A single racially charged comment from someone who didn’t have any say in a subsequent discharge decision won’t support a reverse discrimination claim.
Recent case: Douglas, who is white, had a permit to teach tennis at a city park. When his permit was revoked, he sued, since the decision-maker was black. He also alleged six months earlier, a black park attendant told him, “We don’t want your white ass here.”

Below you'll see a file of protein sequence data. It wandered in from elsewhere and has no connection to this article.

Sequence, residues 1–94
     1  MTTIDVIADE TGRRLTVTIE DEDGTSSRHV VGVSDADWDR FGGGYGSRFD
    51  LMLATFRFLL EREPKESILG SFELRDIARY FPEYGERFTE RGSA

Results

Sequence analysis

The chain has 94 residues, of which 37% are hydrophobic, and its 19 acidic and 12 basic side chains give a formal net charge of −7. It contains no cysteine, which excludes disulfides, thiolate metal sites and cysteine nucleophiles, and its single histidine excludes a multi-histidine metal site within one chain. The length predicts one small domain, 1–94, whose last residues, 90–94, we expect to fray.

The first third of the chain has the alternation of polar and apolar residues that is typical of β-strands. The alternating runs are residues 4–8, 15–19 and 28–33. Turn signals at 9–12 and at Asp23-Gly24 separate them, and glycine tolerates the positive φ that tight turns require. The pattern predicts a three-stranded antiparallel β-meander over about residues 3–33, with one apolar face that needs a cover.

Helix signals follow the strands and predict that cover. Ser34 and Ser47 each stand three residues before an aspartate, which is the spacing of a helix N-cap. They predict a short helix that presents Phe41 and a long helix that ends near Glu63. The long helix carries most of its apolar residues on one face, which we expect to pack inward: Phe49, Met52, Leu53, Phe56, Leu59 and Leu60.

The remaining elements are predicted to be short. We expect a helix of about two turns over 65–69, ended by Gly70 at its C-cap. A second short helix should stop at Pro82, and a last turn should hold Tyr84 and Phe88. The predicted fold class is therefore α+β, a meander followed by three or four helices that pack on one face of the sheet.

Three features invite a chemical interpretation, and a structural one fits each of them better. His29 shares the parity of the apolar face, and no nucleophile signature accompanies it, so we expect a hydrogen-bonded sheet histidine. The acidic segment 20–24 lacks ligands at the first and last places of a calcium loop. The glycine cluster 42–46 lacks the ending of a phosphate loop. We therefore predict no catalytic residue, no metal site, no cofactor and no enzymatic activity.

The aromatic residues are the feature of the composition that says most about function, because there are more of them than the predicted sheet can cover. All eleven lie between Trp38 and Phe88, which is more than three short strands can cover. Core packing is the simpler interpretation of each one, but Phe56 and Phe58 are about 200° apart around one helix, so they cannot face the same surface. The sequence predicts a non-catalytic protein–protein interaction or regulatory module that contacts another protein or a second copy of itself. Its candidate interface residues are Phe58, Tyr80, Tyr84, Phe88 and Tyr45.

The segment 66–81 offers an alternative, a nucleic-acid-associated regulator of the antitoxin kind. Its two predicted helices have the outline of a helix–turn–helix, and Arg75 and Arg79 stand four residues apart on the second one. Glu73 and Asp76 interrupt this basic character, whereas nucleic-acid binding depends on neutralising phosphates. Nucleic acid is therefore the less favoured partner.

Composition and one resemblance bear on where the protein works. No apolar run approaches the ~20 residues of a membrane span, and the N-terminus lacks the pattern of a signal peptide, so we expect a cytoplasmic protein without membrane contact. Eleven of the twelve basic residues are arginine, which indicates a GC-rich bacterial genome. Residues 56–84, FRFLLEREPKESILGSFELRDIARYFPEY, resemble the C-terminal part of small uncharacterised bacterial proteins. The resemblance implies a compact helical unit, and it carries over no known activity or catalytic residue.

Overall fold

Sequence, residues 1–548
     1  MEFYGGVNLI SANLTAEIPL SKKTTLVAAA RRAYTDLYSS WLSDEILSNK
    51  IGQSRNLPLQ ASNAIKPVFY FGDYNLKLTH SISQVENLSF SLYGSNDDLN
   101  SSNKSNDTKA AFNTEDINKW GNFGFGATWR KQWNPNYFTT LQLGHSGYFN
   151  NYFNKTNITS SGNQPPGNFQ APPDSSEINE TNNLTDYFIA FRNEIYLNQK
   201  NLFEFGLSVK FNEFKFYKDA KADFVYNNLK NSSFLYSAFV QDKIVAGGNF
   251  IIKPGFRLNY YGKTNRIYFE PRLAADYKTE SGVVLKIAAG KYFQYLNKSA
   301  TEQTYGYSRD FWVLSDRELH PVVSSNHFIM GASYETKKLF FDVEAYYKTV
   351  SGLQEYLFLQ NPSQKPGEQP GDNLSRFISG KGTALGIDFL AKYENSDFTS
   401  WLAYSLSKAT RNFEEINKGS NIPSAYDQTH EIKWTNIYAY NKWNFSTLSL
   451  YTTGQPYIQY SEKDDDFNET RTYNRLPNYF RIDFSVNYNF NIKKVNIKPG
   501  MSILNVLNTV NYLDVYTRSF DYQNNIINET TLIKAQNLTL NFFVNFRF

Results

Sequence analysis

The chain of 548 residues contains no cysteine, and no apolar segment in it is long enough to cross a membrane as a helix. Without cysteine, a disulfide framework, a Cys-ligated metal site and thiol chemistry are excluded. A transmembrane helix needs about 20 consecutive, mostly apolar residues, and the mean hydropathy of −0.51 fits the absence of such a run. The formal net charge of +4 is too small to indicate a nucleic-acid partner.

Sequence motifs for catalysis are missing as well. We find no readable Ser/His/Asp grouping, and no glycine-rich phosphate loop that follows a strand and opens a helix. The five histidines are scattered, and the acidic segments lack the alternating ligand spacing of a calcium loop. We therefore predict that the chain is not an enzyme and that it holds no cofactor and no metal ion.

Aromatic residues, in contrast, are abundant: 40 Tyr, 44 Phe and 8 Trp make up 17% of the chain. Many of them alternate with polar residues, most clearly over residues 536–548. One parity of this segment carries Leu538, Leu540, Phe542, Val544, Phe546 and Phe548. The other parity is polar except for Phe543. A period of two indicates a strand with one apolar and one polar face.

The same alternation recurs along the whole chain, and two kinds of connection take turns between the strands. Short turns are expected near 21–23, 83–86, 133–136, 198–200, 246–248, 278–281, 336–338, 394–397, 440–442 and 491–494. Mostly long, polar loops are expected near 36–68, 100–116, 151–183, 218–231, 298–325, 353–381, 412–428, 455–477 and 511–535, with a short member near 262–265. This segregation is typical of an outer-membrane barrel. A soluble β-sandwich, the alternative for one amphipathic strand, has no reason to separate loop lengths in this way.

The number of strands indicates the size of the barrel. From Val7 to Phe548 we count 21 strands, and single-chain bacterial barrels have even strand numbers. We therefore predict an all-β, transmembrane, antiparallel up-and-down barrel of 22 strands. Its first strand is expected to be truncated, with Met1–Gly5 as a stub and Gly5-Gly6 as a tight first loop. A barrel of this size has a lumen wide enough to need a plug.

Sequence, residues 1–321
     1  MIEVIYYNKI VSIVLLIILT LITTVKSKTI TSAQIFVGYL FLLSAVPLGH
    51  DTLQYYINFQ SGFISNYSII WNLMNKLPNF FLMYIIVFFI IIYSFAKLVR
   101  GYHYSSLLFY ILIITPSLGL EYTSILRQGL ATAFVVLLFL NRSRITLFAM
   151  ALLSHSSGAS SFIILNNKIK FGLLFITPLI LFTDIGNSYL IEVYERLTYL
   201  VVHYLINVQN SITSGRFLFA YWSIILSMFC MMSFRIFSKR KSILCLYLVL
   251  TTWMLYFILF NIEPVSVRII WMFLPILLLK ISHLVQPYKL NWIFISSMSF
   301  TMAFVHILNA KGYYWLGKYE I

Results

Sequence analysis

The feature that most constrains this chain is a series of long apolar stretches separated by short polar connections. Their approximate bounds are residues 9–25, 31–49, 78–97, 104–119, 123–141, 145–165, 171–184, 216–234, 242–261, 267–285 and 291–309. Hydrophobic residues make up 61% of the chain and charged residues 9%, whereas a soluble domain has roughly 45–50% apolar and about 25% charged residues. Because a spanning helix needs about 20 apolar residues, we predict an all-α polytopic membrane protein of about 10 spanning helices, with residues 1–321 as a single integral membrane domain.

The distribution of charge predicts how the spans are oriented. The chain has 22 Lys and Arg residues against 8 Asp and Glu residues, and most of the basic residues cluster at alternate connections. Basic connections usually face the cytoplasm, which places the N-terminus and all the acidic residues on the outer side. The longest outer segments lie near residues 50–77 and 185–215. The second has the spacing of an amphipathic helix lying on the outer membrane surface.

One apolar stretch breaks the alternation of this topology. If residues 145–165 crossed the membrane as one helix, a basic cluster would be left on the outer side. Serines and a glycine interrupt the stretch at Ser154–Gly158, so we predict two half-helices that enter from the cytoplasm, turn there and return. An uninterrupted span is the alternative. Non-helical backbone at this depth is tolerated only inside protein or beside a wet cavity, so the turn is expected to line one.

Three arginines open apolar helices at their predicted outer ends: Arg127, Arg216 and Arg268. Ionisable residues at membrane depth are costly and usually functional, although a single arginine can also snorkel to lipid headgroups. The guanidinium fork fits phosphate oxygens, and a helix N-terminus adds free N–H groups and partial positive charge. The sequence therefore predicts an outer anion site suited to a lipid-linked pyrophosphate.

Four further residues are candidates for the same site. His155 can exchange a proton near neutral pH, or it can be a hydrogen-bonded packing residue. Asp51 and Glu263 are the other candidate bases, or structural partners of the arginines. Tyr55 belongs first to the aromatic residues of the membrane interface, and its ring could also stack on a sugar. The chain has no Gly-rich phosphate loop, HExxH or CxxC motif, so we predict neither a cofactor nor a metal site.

The court said that neither claim was enough for a lawsuit. Otherwise, almost every discharge involving from different protected classes could end in litigation. (Howard v. City of New York, et al., No. 14-409, 2nd Cir., 2015)
- How to Fire an Employee the Legal Way: 6 Termination Guidelines
- 'Sexting' causes growing harassment risk in workplaces
- Beware new court trend: Employees use expert to shift blame for failure
- Posting openings, tracking all applications discourage frivolous discrimination lawsuits
- Base English-only rules on business necessity